Mrs. Schaible notes, “Her growing skills in conversational medical Spanish has quickly become a great asset to our team, particularly as the number of Spanish speaking elderly clients continues to rise. We can now serve them more efficiently and more effectively, putting them more at ease in conversation and direction toward assistive services available to them. Yahoska is a big help in breaking down the language barrier that can inhibit the proper comprehension of the situation at hand. Her presence helps to increase the effectiveness of the outcomes of each encounter. We are grateful for her immediate contributions into our services.”

Nancy Pontes, an assistant professor of nursing and a co-leader of this interdisciplinary program, notes that improving the Spanish language skills of students and future health care providers is “perfect for Camden,” where about 40 percent of the city’s residents speak Spanish as their primary language, according to U.S. Census data.

This link with Rutgers University -Camden School of Nursing is a vital part of what VITALity seeks to accomplish here in the city of Camden, which is building closer community ties with our elderly residents in need of supportive healthcare services to assist them with age-related problems. To find more ways to help them that are more culturally compatible. And to break down the language barrier. A barrier that can be the greatest obstacle for them in receiving the care and services they need and in gaining access to those services for their continued safety and well-being in their homes. This link also provides for an opportunity to seek more partnerships with the growing system of medical and nursing education here in Camden through the Cooper-Rowan School of Medicine and Rutgers University. Innovative collaboration can only bring about improved health care supportive services for all the residents of Camden.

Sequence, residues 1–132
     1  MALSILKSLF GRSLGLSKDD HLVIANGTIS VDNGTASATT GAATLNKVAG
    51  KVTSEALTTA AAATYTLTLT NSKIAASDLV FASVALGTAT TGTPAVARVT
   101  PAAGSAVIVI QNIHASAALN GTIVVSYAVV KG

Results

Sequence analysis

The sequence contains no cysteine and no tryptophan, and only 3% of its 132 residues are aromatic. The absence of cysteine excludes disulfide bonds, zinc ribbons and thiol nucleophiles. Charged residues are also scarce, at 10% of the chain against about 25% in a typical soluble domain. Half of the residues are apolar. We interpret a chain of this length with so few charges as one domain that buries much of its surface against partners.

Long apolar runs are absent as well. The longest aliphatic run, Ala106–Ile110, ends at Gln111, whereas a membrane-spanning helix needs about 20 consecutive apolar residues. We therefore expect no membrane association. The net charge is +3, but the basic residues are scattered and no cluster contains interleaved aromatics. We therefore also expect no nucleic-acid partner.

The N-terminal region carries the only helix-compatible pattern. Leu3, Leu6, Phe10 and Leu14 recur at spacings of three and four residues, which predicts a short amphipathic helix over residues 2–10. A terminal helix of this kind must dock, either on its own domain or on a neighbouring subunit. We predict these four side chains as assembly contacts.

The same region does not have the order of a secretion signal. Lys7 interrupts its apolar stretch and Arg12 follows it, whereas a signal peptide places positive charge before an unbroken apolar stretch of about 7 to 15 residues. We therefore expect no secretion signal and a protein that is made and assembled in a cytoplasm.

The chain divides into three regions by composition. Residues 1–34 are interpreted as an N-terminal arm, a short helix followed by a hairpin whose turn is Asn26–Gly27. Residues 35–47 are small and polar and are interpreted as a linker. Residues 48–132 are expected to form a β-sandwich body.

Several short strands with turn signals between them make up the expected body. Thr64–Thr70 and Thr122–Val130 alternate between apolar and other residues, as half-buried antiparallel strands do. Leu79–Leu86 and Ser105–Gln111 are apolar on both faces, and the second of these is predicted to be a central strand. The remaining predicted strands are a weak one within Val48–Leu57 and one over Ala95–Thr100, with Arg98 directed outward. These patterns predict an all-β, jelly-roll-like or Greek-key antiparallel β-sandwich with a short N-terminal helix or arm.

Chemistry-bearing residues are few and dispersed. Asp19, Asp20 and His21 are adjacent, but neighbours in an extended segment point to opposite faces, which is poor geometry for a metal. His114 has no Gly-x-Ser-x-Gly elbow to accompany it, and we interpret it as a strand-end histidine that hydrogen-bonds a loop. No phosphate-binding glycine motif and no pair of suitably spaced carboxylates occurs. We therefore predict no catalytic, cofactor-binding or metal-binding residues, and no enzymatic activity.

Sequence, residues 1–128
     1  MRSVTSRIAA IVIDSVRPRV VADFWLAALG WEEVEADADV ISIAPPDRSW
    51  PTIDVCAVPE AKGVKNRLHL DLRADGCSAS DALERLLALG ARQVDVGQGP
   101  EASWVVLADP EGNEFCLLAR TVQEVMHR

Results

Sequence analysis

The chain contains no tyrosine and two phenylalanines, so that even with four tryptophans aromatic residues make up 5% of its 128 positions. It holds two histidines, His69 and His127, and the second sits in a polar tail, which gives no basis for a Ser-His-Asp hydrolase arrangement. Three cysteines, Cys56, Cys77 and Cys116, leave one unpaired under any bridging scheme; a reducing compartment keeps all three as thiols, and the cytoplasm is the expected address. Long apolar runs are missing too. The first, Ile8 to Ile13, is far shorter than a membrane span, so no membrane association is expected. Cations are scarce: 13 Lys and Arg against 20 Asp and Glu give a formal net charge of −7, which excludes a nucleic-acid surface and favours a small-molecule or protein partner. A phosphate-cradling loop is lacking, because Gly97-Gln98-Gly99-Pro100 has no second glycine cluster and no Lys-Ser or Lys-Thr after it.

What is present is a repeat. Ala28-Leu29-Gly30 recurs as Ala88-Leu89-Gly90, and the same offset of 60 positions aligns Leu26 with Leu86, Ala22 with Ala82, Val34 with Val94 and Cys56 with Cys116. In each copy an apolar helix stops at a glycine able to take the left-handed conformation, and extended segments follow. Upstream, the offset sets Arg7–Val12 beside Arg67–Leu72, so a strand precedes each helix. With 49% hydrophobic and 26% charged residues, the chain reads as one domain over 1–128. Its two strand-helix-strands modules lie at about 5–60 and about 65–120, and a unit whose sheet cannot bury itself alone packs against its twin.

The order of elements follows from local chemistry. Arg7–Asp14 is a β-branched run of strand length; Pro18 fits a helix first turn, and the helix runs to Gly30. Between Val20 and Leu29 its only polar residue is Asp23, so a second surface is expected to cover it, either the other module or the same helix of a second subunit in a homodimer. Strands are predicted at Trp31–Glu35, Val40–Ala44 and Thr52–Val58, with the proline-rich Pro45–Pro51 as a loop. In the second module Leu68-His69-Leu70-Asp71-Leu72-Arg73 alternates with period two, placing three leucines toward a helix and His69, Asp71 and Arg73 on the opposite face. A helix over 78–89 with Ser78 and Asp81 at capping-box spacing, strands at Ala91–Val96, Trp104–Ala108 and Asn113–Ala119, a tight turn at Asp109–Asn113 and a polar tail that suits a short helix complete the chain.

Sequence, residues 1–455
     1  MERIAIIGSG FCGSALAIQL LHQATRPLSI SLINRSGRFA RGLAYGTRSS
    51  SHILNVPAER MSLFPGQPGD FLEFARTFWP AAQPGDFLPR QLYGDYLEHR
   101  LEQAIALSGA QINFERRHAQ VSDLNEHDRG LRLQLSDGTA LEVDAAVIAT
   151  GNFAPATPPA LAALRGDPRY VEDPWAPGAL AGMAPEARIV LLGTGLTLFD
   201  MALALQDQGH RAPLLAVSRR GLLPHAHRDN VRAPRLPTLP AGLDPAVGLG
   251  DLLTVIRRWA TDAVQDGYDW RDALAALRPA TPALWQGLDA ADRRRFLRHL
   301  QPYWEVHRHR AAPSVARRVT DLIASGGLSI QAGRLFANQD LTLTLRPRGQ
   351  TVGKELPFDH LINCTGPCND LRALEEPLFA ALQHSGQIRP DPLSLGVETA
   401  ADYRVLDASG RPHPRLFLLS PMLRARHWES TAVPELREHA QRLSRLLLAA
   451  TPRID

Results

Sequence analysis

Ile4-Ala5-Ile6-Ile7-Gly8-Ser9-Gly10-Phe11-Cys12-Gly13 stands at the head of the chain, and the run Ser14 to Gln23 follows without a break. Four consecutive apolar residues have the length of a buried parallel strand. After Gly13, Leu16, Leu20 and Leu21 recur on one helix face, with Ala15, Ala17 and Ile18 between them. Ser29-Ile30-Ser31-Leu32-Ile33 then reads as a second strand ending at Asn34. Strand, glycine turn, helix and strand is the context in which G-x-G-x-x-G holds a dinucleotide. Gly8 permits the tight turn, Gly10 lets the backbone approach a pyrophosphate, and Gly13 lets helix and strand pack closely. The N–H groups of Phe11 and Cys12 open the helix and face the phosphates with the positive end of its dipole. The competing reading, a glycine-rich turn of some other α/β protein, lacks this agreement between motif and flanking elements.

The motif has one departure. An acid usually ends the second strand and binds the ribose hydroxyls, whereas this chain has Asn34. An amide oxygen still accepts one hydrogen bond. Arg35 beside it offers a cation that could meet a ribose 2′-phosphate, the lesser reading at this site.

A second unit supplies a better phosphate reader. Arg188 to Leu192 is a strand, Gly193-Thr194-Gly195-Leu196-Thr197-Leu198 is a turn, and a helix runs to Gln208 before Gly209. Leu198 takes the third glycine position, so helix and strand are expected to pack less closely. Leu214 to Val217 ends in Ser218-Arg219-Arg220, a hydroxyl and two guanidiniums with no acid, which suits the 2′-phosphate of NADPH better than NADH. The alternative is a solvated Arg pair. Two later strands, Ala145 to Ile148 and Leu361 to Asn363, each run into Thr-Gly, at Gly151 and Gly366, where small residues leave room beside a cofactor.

This internship relationship is certainly a “win-win-win.” It provides the university students with real world learning experiences, while providing this enhanced resource within VITALity to expand our services to more people. Most importantly, it provides an environment for our Spanish-only speaking elderly clients in which they can be treated with greater dignity and more effectively. All of this results in a better outcome of care coordination and resources brought to bear to assist them in remaining safe and healthy in their homes as they battle health and mobility issues secondary to the effects of aging.

We are confident that this new and unique relationship will certainly bear great fruit in bringing the maximum needed and proper healthcare supportive services to our Spanish-only speaking elderly in South Jersey. We are grateful for the confidence that Rutgers University has shown us through our inclusion in this internship program.

VITALity Catholic Healthcare Services is a ministry of the Diocese of Camden providing care to the elderly and disabled of South Jersey.  Through various charitable programs, VITALity aims to enhance their lives through ministries of service that they can access through their parishes and local communities to assist them through the challenges of aging. For more information about VITALity or to request assistance, call us at 1-888-26- VITALity (888-268-4825) and one our staff operators will be happy to help.

Deacon Jerry Jablonowski is executive director, VITALity Catholic Healthcare Services, Diocese of Camden.